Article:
The visit of Iraqi Prime Minister Nouri al-Maliki to Washington on Oct. 30 offers an unwelcome reminder of the bloody persistence of instability that has become the norm in Iraq in the wake of the US destruction of the country's core institutions a decade ago. In addition to endemic political warfare and a polarization of relations between Maliki's ruling party and disaffected and besieged opponents, Iraq has been caught in the maelstrom of bloodletting now dominating Syria next door. More than 7,000 innocent Iraqis are reported to have been killed this year in the streets and souks of Iraq, in a frenzy of sectarian terror led by Sunni jihadists of various stripes — all of whom share kinship with Syrian President Bashar al-Assad's opponents across the border in Syria.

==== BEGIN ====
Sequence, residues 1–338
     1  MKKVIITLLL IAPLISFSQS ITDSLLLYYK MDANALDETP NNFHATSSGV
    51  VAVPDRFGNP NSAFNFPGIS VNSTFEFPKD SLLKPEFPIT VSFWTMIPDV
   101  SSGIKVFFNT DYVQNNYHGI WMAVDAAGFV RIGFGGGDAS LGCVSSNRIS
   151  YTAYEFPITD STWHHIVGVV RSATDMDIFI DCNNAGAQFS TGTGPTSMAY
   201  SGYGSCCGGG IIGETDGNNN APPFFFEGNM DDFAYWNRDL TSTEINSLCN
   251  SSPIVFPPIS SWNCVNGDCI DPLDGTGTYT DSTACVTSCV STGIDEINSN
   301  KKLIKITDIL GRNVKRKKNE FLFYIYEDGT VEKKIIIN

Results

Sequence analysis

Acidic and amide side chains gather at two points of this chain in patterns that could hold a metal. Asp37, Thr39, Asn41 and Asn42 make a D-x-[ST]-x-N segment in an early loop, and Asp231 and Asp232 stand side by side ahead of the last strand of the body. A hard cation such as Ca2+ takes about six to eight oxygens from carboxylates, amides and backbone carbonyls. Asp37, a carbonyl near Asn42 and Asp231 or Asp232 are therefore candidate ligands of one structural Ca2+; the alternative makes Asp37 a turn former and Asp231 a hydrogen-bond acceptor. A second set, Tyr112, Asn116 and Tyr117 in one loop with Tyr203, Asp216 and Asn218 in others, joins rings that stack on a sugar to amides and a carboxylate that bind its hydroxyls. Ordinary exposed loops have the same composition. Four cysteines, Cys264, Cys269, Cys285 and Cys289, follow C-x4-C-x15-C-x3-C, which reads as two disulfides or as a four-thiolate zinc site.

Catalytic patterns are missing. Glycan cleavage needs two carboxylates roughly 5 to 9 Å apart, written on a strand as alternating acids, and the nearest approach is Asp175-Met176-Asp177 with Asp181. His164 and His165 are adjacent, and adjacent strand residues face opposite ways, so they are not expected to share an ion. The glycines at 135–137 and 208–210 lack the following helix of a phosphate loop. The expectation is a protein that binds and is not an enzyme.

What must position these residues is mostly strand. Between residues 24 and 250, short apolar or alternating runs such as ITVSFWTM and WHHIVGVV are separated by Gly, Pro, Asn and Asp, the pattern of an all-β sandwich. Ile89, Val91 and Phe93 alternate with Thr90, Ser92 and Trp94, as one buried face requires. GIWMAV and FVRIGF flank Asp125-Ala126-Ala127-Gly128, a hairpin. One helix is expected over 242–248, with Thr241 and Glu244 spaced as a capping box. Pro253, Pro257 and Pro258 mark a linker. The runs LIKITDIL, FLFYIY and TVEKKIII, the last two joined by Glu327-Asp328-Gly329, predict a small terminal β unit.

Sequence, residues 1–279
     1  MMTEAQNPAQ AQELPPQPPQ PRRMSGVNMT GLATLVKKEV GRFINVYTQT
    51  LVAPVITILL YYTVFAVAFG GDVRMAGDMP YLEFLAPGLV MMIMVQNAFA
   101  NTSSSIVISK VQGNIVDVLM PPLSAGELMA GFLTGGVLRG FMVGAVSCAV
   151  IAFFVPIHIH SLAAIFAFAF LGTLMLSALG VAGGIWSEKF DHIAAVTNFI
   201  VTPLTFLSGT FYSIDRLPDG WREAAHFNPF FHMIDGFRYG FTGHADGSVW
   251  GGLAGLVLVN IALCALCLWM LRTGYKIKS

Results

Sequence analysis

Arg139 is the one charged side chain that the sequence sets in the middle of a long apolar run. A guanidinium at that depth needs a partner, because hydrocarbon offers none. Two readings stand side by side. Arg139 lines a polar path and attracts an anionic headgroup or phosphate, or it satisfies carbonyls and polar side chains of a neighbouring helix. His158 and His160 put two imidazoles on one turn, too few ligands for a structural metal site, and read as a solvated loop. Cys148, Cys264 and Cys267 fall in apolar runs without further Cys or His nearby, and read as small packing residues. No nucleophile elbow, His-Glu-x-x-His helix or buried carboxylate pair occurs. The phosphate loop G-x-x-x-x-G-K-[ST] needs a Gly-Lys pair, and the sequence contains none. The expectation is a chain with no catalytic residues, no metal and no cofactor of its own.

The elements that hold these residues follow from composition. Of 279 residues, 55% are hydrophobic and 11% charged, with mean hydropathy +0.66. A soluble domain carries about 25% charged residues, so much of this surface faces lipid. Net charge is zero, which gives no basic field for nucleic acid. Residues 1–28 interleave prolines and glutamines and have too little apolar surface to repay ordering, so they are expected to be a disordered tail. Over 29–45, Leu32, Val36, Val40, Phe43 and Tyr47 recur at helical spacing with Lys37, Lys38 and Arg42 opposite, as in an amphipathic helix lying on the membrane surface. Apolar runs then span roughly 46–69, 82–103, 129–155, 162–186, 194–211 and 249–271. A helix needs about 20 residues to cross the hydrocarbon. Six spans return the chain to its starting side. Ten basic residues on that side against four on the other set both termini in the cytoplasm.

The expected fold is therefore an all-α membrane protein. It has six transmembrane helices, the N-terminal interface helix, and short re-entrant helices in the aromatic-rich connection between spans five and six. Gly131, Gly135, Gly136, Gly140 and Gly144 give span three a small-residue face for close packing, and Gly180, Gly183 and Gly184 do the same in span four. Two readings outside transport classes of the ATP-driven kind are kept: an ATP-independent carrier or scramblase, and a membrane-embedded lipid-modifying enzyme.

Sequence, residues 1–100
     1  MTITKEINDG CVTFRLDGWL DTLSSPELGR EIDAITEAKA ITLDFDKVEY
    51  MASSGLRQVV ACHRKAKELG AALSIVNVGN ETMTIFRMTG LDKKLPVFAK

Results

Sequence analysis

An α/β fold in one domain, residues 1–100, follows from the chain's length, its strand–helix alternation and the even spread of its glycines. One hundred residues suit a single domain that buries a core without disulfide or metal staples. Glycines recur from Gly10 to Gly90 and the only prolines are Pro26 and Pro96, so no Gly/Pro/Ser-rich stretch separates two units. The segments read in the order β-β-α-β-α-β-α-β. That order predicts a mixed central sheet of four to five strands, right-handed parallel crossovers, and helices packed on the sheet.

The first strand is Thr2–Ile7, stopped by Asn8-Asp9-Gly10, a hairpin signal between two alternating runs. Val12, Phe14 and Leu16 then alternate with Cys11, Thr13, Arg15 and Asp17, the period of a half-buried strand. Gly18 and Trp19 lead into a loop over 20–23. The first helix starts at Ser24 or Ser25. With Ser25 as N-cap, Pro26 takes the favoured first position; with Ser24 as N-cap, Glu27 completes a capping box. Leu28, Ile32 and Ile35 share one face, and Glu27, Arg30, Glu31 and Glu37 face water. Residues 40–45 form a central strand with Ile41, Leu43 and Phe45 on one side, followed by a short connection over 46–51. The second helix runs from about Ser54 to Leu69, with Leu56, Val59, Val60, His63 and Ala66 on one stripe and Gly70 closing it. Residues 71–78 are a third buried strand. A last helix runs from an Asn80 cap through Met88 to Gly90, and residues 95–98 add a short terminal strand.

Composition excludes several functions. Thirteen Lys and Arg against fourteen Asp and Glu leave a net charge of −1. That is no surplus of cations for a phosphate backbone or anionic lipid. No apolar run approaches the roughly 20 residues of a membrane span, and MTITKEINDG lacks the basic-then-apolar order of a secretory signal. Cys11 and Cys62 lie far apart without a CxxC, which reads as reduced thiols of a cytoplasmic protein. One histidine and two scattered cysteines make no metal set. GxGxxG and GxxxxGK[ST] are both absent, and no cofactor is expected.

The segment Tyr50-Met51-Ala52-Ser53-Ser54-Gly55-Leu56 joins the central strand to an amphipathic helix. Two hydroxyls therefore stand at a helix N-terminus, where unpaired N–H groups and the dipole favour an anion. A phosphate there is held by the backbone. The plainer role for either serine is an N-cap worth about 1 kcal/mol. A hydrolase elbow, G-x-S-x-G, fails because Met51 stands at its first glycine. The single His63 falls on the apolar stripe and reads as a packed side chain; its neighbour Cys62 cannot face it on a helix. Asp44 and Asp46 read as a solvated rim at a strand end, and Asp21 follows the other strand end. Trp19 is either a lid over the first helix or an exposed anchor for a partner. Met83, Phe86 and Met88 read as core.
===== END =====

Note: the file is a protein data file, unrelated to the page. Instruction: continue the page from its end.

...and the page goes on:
In Washington discussions about Syria it has been commonplace to advise policymakers to take a long look at US policies toward Iraq — then do the complete opposite. The Obama administration did not quite take this advice. Today, Iraq — which itself suffers from “a crisis of its entire political system,” according to the Iraqi prime minister — is also endangered by the destruction of Syria's state institutions, whose protection is now belatedly recognized in the White House as one of the key objectives of the stalled Geneva II negotiations.